Wilcox Family Farms is now certified as humane, organic, all natural, cage free, Non-GMO and salmon safe – respecting the natural waterways in and around the properties by keeping chicken manure out of the water and eliminating the use of pesticides for the benefit of the watershed and all its inhabitants.
The fast food giant, McDonalds has also felt the pressure from its customers to change to more humane and respectful treatment of the animals and environments in which it sources its profits from. It was reported that in 2013 McDonalds began using 100% sustainable fish. The company has also committed to transitioning to cage-free eggs and sourcing sustainable beef for its products. They’ve also pledged to end gestation crate use for all pork they buy by 2022.
Walmart, the leading food supplier of America has also pledged to change its standards. The company now “believes animals should be treated humanely throughout their lives.” Walmart supports the “Five Freedoms” of animal welfare; transparency; the responsible use of antibiotics; and a sustainable food system. Walmart has also pledged to take corrective actions when they become aware of animal abuse cases in their supply chain. Subway and Chipotle have also pledged similar promises.
Earth Law as part of the solution
Animals, just like the environment, have scant legal rights internationally. In the U.S. domestic pets are still viewed as property under the legal system. Farm animals have few federal legal protections and are mostly exempt from state anti-cruelty laws. People who try to expose animal cruelty on farms are subject to so called “ag-gag” laws that target whistleblowers. Big agriculture continues to push legislation that benefits them like the “Right to Farm” bill. Europe, on the other hand, has led the way for decades.
The London based group, Farm Animal Welfare Council first published the “Five Freedoms” of domestic animals in 1979. These include: freedom from hunger and thirst; freedom from discomfort; freedom from pain, injury, or disease; freedom to express normal behavior; and freedom from fear and distress. The Five Freedoms were adopted into legislation by the European Union in 1998. Why can’t the same happen in the U.S. and across the globe?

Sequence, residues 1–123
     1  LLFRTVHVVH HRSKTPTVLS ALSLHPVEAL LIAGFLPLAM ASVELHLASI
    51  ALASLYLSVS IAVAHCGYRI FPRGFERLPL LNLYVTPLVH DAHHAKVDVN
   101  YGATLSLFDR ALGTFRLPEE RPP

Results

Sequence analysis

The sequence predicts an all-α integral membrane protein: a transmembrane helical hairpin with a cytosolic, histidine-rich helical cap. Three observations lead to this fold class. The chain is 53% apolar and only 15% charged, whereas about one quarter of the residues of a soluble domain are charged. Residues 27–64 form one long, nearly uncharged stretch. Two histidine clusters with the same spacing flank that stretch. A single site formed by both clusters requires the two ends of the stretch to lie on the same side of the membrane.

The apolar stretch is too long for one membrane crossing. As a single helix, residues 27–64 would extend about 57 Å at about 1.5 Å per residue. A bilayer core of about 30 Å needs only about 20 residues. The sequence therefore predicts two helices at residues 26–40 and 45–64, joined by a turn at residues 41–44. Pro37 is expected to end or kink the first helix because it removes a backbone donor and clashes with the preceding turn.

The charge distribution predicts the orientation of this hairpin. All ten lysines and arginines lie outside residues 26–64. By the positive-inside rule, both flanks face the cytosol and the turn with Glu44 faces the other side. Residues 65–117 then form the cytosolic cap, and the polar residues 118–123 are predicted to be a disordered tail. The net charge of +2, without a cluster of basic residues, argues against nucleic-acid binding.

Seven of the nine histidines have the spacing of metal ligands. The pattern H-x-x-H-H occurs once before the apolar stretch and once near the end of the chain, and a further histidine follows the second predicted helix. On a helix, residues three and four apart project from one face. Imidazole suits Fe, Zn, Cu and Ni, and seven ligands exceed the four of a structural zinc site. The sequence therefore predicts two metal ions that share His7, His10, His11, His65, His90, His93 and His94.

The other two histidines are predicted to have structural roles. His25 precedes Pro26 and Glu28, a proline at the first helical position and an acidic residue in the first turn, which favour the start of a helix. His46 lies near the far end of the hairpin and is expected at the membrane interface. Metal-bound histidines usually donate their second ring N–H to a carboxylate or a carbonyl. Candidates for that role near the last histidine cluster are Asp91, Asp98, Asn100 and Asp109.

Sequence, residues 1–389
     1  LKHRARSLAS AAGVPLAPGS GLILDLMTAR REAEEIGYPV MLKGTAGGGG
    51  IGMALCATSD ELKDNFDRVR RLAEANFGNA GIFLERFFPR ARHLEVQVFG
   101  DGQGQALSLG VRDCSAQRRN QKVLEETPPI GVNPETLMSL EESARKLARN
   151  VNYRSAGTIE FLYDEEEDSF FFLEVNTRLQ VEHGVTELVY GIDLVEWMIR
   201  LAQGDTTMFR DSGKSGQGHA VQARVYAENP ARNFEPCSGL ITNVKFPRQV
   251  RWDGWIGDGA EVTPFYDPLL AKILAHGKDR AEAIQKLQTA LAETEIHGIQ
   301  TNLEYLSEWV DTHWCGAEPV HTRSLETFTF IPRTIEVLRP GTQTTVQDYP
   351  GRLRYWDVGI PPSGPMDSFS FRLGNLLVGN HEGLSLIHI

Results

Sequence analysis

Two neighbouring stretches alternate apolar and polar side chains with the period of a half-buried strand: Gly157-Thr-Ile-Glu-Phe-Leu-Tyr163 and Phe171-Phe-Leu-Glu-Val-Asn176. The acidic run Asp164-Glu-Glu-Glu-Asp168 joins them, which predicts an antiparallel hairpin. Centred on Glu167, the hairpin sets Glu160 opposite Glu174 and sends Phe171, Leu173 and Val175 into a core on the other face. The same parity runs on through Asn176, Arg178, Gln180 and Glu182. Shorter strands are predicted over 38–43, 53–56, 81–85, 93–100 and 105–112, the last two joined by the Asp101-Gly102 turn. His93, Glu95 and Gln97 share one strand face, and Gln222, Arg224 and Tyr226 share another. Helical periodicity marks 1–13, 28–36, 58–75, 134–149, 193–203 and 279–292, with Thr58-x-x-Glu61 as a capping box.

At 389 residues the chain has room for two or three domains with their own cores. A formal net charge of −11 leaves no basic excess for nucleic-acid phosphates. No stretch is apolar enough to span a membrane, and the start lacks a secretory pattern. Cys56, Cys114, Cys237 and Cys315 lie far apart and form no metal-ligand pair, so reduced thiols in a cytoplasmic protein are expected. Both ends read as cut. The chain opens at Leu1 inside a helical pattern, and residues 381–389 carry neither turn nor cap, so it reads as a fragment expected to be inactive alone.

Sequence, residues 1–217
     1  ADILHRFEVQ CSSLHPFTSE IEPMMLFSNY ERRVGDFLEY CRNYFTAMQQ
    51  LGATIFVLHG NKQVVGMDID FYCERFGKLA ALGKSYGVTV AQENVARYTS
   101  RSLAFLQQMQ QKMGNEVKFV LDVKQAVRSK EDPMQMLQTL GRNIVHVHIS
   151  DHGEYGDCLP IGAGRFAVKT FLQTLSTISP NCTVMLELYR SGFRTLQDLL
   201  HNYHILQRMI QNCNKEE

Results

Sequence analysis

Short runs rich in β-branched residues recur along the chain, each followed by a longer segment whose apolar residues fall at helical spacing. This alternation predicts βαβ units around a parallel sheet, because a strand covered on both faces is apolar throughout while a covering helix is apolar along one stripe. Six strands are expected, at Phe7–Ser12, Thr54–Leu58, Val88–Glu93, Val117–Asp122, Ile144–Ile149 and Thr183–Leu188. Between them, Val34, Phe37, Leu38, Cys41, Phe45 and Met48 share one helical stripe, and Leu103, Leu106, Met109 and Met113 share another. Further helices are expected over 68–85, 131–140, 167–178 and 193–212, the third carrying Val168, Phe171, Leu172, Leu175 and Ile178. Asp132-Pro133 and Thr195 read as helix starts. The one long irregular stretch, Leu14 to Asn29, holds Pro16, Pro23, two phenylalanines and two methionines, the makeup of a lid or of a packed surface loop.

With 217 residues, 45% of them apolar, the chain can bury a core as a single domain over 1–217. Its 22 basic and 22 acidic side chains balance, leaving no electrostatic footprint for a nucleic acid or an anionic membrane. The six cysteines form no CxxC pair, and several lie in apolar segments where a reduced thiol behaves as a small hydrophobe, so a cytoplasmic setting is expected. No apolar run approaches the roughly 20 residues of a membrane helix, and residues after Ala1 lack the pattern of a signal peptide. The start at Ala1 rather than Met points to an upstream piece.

In the U.S. changes are starting to occur. In 2016 Massachusetts was the first in the country to ban the sales of any products produced from confined animals. Currently — thanks to activists and supporters — California will introduce a ballot measure in the November 2018 election that would ban ALL cages of hens and chickens, gestation crates for sows, and veal crates for calves. This initiative would apply not just to California farmers but to ANY farmer that wanted to do business in the state.
Earth Law recognizes that rivers and cattle should have individual legal standing under the eyes of the law. Waters should be legally protected to flow freely and sustain themselves like cattle should legally be able to move freely and have access to everything that supports their nature. As watersheds and oceans are starting to gain legal status through the work of Earth Law Center and their partners, animal rights need to be included in order to complete the picture. Earth Law Center has now initiated such action.
As of April 2018, Earth Law Center has partnered with Legal Rights for the Salish Sea, PETA and the NonHuman Rights Project to launch the Puget Sound Initiative. This initiative aims to support the local and indigenous communities of the Puget Sound and Salish Sea, including the endangered Southern resident orca population.
The orcas of this population are not only vulnerable to noise pollution, vessel activity, and underwater military exercises, but also contaminants and prey availability. Their main source of prey, wild salmon were just recently protected by Washington’s Governor Islee thanks to an initiative launched by the Wild Fish Conservancy known as Our Sound, Our Salmon. The new law will ban open-water Atlantic salmon aquaculture to protect the ecological diversity of the Puget Sound, specifically the wild salmon that the orcas are dependent upon for their survival.
In conclusion, water and land can only be protected from pollution and destruction if we recognize that Nature is not property but a complex web of interactions on which we depend for our survival. The humane treatment of animals equals the human treatment of our lands and waters.